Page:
In spite of my current bout of pessimism, I’m still holding on to hope. I refuse to give up. And my inner optimist is still there, too, telling me that there is a bright side to this bursitis. What is it? The low, intense ache makes me aware, all the time, of my legs and hips, which isn’t exactly pleasant. But that awareness is an opportunity for mindfulness. It allows me to be in the present moment, aware of the pain but also of the good—the beauty of the day, of the people around me, of the pleasure of small things and small comforts. They almost always override the glumness that comes with constant, nagging pain. I like being mindful. It’s the base of hope.

It will never go away as long as the base is strong.

20 thoughts on “Questions and answers

  1. Polly says:

    Oh Wren … you ARE having a rotten time of it. I’m not surprised your inner pessimist has has an outing! I really hope things improve for you soon and that ‘yet another increase’ actually does the trick this time! Flippers crossed. Polly Penguin xx

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    1. Wren says:

      Thanks, Polly. I’ve slept a bit better the last two nights, so it just might have. Of course, I was busy as a one-armed paper-hanger both Saturday and Sunday, so it could be that I was simply so tired I slept in spite of myself! I’m leaning toward optimistic. 😉

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  2. Thrive with RA™ says:

    Hi Wren,

    I noticed a definite positivity in your words. I noticed your words of “mindfulness” and “present moment.” There is much to be said about not looking too far ahead if it circumvents the present, while at the same time, taking a step back from the closeness of a situation for a better perspective. I think your words share a realization of things, yet still hopeful for improvement — wishing for better, while dealing with the situation at-hand in an emotionally healthy way, without pining away uselessly. You are strong in purpose and resiliency!

    Your Doctor sounds like he chose the right profession. 🙂

    Thank you for sharing.

    TWRA

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  3. Thrive with RA™ says:

    P.S. I also wanted to say that I am sorry that you have Osteoporosis and are in pain; however, I’m not seeing the “crankiness” you mention. 😉 Maybe your kitty should keep her judgments to herself. 😉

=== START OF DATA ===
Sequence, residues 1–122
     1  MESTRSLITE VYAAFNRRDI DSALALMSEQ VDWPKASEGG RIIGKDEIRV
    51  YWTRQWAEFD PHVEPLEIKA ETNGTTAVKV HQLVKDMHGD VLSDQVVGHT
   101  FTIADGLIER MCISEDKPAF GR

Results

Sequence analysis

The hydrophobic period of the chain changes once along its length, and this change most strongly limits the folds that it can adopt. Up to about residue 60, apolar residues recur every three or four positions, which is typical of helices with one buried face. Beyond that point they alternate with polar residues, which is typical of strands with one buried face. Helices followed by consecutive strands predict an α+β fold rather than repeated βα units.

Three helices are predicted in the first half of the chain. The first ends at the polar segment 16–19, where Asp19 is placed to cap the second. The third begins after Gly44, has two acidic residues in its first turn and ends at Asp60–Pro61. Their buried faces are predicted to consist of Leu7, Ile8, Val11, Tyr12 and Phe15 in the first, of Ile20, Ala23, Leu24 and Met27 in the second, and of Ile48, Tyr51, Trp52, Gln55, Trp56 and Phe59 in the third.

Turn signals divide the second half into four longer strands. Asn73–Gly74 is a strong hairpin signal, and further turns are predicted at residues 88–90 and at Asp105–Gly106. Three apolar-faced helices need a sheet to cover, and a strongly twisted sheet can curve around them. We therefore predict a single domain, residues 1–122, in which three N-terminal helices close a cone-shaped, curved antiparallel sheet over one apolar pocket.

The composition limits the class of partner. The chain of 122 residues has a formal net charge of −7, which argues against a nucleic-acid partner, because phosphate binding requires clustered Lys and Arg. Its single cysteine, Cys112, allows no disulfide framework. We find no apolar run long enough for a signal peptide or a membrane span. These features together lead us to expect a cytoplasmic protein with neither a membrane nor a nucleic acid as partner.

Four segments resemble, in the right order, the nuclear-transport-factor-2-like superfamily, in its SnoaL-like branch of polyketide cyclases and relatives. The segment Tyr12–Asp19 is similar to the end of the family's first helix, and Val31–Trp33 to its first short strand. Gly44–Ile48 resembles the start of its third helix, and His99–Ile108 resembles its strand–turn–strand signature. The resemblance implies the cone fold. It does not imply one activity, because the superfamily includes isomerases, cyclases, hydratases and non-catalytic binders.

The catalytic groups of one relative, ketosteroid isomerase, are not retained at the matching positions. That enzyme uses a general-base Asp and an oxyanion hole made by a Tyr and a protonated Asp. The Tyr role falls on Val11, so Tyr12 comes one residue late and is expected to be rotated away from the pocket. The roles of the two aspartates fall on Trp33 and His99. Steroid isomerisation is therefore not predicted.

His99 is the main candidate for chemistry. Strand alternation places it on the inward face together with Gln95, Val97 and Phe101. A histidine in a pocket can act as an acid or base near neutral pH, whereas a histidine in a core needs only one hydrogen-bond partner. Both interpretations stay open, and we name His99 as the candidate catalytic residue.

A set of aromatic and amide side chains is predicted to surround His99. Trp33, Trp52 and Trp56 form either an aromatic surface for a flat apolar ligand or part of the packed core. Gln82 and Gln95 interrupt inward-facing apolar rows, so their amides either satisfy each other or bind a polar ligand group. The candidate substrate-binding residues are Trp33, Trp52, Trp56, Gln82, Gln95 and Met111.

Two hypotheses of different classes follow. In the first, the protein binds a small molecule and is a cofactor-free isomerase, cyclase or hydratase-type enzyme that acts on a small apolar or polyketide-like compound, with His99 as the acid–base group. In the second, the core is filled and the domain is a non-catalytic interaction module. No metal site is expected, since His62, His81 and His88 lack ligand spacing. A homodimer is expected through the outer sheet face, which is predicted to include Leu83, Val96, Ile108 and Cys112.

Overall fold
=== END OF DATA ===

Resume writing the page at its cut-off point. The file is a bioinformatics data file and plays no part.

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    1. Wren says:

      Thanks for the vote of confidence and kind words, Thrive. I’m honestly very tired of the bursitis pain, which robs joy from the day if I’m not mindful, and sleep from the night no matter what. But odd as it seems, I’m also getting used to it. Maybe it’s because I’m a long-time mindfulness practitioner; I was doing it years ago, before I even knew it had a name. Mindfulness has been a real sanity-saver for me, but it still takes constant practice. It’s easier to lapse back into pessimism and bitterness, but that only destroys happiness. I’ll take the harder path for the sake of the smiles. 🙂

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  4. Wren, I am so glad you have such a caring and compassionate doctor. What I am so sorry about is the even with all of that, you still suffer. Truly, I hate to hear it. All I can hope is that the ortho doc can fix this now constant problem. And I am hoping you have had your vit D level checked…yes? And you are on a regimen of calcium and vit d being you had osteopenia and now osteoporosis? I sure hope so. Please know you are in my prayers and thoughts for better days ahead. You deserve it!

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    1. Wren says:

      Thanks so much, Deb! I’ve been on supplemental calcium and Vit. D for several years. My rheumatologist put me on them before that first scan was ever done, as he knew I was menopausal and had the added special bonus of severe, active RA. I do feel I’ve done what I can, so far, to avoid osteoporosis. In the meantime, I’m holding out hope for the orthopedist, too, to help me deal with this aggravating bursitis. I hope you’re feeling well!

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  5. Rositta says:

    I’m having a bad bout of bursitis at the moment as well. Can’t get emergency appointments with my rheumy or orthopod so my primary care doc sent me to another ortho guy for a cortisone shot. He promptly refused which leaves me currently in nowhereland. Sucks but can’t be helped. I’m icing it a lot. I can’t take pain
    Meds because then I can’t drive. Miserable vicious circle. Wishing you well…ciao

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    1. Wren says:

      It’s good to hear from you, Rositta! I’m really sorry you’re having to cope with bursitis, too. It’s a completely different sort of pain to RA (at least in my experience). Even when it’s not terribly intense it’s hard to ignore and is exhausting. Why wouldn’t the doc give you a cortisone injection?
      Icing, alternated with heat every 20 minutes helps mine some, mainly by distracting me. Can you take pain meds in the evening, at least? When you will be going to bed and not driving? I hope you’ll be able to get this resolved somehow, soon. Sending warmth and comfort your way,,, Tscheuss… 🙂

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  6. Cathy says:

    Keep hold of that bit of optimism. I find that sometimes, that is the only thing that keeps me going.